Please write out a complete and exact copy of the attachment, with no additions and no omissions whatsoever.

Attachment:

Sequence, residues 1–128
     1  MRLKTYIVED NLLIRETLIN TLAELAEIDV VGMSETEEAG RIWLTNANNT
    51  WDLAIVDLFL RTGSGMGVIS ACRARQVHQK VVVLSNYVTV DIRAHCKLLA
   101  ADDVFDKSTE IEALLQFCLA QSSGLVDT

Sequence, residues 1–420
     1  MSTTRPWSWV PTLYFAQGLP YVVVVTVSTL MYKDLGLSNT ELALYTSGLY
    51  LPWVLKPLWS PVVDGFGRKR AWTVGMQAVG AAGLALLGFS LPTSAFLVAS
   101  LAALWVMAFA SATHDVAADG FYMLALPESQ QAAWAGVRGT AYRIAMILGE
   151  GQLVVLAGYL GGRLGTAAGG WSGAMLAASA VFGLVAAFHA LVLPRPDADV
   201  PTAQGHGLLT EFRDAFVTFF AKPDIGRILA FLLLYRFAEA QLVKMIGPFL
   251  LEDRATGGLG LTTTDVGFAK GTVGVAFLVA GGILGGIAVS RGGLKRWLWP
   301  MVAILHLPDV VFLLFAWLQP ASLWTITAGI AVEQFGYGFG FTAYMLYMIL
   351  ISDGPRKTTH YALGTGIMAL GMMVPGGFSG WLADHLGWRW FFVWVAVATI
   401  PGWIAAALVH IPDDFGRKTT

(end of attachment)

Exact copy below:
Sequence, residues 1–128
     1  MRLKTYIVED NLLIRETLIN TLAELAEIDV VGMSETEEAG RIWLTNANNT
    51  WDLAIVDLFL RTGSGMGVIS ACRARQVHQK VVVLSNYVTV DIRAHCKLLA
   101  ADDVFDKSTE IEALLQFCLA QSSGLVDT

Sequence, residues 1–420
     1  MSTTRPWSWV PTLYFAQGLP YVVVVTVSTL MYKDLGLSNT ELALYTSGLY
    51  LPWVLKPLWS PVVDGFGRKR AWTVGMQAVG AAGLALLGFS LPTSAFLVAS
   101  LAALWVMAFA SATHDVAADG FYMLALPESQ QAAWAGVRGT AYRIAMILGE
   151  GQLVVLAGYL GGRLGTAAGG WSGAMLAASA VFGLVAAFHA LVLPRPDADV
   201  PTAQGHGLLT EFRDAFVTFF AKPDIGRILA FLLLYRFAEA QLVKMIGPFL
   251  LEDRATGGLG LTTTDVGFAK GTVGVAFLVA GGILGGIAVS RGGLKRWLWP
   301  MVAILHLPDV VFLLFAWLQP ASLWTITAGI AVEQFGYGFG FTAYMLYMIL
   351  ISDGPRKTTH YALGTGIMAL GMMVPGGFSG WLADHLGWRW FFVWVAVATI
   401  PGWIAAALVH IPDDFGRKTT